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Riding an electric wave

Sales of battery-powered bikes rolling along on South Lamar.

Ameera Butt

Four years ago, Randall Schleier started a small business selling electric-powered bicycles online. He had become interested in electric-powered vehicles after leaving a career in the corporate world.

The bikes "are affordable and offer up to 30 miles of range — perfect for most short commutes," he said.

The company began selling a few bikes from its warehouses. This month, R Martin Limited (Schleier's middle name is Martin) opened its newest store, in a tiny converted house on South Lamar Boulevard.

R Martin is the newest seller of two-wheeled transportation on South Lamar, where shops sell a variety of vehicles, such as scooters, high-end bicycles and motorcycles. A few blocks north of R Martin, Alien Scooters sells electric scooters, bikes and mopeds.

Inside R Martin's 1,500-square-foot store, bicycles and mobility scooters sit on hardwood floors. Customers can take test rides in the parking lot the store shares with Olivia, a restaurant next door. There's a 3,000-square-foot warehouse nearby on Goodrich Street.

In the store and online, R Martin offers models such as a foldable electric bike that commuters can store in the trunk of their car, an electric mountain bike with disc brakes for hilly areas that is a best-seller, and a $1,999 scooter that can reach speeds of 50 mph and go as far as 50 miles before its battery needs recharging.

So who would pay $749 and up for a bicycle with an electric motor?

Schleier said the bikes are ideal for environmentally conscious people who want to bike to work without getting sweaty. The bikes can't travel faster than 20 mph, but they can be ridden legally on sidewalks in some areas.

The lithium-ion batteries can be recharged using regular household outlets. And Austin Energy customers can receive rebates of $100 for all-electric bikes and up to $250 for all-electric scooters under a program designed to encourage use of electric-powered vehicles.

"A lot of them come with baskets, and you can add saddlebags so you can go grocery shopping," Schleier said. "The beauty in our climate here is you can use it to get to work without getting overheated. These are perfect as alternative transportation instead of using your car for going to the store, the library. All of our bikes pedal like normal bikes, and they also have a throttle, so it's like you are coasting like a scooter."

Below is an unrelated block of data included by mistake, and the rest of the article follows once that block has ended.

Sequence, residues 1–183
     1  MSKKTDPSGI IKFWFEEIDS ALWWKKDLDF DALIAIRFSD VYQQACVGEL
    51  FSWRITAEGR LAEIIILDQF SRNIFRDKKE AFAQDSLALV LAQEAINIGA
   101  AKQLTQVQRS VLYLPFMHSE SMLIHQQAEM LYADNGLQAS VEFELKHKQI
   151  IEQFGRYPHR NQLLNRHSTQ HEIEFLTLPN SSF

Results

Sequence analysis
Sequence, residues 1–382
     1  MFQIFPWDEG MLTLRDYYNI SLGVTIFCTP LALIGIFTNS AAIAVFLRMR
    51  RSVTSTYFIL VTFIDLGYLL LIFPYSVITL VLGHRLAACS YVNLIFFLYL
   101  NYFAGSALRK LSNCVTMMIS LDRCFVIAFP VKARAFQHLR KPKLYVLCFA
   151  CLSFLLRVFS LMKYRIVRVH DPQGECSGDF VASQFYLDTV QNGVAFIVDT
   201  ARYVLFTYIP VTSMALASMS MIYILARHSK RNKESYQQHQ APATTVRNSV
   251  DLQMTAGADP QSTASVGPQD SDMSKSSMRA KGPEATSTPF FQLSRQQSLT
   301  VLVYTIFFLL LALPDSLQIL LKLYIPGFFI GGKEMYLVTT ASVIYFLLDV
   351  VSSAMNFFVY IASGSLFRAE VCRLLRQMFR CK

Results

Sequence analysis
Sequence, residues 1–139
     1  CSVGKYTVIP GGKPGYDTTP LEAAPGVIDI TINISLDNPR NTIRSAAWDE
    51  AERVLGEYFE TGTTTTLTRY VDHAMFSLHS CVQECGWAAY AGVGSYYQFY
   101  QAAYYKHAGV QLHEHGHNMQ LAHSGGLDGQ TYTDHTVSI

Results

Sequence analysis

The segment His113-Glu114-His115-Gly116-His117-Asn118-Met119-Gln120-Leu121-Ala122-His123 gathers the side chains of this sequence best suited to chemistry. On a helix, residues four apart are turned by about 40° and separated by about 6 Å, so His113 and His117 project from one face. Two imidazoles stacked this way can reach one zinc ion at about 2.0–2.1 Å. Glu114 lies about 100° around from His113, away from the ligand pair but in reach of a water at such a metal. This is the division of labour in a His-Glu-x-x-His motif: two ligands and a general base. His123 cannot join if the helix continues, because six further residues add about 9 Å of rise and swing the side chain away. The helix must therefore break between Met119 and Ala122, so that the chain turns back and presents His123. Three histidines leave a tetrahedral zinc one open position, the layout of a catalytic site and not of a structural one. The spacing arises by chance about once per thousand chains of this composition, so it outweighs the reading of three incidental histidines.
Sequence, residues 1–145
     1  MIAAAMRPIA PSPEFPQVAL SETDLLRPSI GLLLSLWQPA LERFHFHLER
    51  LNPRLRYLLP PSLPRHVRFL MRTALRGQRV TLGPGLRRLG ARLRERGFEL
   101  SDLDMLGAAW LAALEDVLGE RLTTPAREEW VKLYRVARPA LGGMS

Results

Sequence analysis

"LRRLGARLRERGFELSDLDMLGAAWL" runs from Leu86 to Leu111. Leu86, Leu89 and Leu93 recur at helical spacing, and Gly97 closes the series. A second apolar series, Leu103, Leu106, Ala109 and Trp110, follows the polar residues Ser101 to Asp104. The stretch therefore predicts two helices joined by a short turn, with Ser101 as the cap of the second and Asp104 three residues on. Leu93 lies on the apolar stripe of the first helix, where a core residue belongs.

Thomas Graham Jones, who works in the information technology business in Austin, bought his electric bike in 2006 from Schleier for about $650, seeking ways to avoid driving.

"I've been trying to avoid burning gas for a good while now, and I don't work far from my home," Jones said. "I started on a regular bike, and it's OK in the morning. But when it gets to 5 o'clock in the afternoon on a summer day, it gets kind of hot."

Jones said his four-mile commute takes 12 or 13 minutes — less than when he drove. He also bikes to the grocery store and other places within a certain distance of his house.

Schleier personally owns two electric motorcycles and one electric bike, which he rides to University of Texas football games.

The bikes' cost is due mostly to the lithium-ion batteries, Schleier said.

"If you go down to a good bike shop, you can spend $1,000 on a bike," he said. With the electric versions, "You can save enough in gas in the course of a year if you use it instead of your car. This is actually transportation."

abutt@statesman.com; 445-3819

Electric vehicle rebates

Since 2007, Austin Energy has offered rebates on all-electric vehicles under a federal Clean Cities initiative.

To date, Austin Energy has paid out a total of $47,000, spread out among 301 rebates. Most of them went to electric bikes or scooters. The rebates range from $100 for electric bicycles to $500 for electric cars.

For more information, visit the City of Austin's Web site (www.ci.austin.tx.us/cleancities/evrguidelines.htm).